4. Nancy Argenta has a gift which is in some ways the most necessary thing in music, namely, a great sense of what the rhythm is. Whether fast or slow, she really gets with the program. She has a great "feel" for the sense of the music. For Bach, I think that this is a large part of getting hold of the music emotionally. Check out her reading of #1 in BWV 202 (same CD) to see how this goes in lento as well as allegro. I find her versions of Bach very emotionally satisfying. I would not like the style for Brahms or Strauss, but for Bach it seems to me ideal.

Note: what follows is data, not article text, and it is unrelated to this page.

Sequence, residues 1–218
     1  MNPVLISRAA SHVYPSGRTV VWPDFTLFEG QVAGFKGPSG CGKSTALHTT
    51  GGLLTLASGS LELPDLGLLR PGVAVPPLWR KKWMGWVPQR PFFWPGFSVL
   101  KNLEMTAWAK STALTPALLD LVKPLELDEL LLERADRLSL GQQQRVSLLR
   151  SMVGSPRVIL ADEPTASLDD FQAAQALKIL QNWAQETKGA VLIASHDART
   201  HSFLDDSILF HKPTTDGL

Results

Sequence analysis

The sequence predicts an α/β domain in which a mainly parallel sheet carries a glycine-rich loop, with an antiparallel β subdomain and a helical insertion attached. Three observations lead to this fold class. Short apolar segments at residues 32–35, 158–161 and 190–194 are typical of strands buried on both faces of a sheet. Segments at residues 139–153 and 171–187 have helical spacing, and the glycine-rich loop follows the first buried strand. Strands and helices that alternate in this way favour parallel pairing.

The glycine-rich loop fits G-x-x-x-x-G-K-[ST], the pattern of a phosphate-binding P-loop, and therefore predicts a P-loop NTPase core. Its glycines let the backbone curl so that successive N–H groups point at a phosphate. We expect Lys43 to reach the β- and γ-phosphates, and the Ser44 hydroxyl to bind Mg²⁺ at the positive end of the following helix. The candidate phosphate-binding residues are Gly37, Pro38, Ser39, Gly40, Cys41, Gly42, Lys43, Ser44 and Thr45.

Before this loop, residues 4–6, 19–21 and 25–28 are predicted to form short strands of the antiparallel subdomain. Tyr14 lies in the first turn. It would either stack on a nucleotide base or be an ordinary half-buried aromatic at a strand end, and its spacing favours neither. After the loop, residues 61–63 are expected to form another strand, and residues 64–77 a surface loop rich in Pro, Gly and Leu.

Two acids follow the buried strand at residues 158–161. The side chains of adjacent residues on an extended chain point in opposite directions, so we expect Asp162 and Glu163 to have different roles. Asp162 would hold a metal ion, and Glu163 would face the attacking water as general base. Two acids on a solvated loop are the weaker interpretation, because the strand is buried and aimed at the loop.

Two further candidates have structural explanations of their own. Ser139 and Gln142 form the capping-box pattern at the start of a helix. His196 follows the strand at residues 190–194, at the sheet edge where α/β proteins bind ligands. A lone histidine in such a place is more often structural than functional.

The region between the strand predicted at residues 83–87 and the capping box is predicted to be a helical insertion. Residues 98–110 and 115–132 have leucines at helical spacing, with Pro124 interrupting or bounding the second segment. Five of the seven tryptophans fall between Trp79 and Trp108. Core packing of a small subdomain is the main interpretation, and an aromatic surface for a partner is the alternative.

So much for my paean to one lady soprano. Allow me to suggest a little exercise which I think deepens enjoyment and understanding of this music. Bach is usually pretty complicated stuff, even when it is just tripping happily along its way. Take the aria, #3 in BWV 84. We have 4 lines of music dancing along: an oboe, a violin, a cello (with continuo realization) and a soprano voice. Easy to hear and enjoy. It is fun and rewarding to dig deeper. Listen to the aria four times, each time concentrating on one musical line...just to hear it as it alone is. Then hear it again with enhanced appreciation for the whole of it, which, of course, is what it truly is. With this aria, all of these lines are easy to hear, but the violin is a bit of a challenge, stuck in the middle as it is and not as distinct as the oboe. But you can find her, and she is very important and she will reward your attention.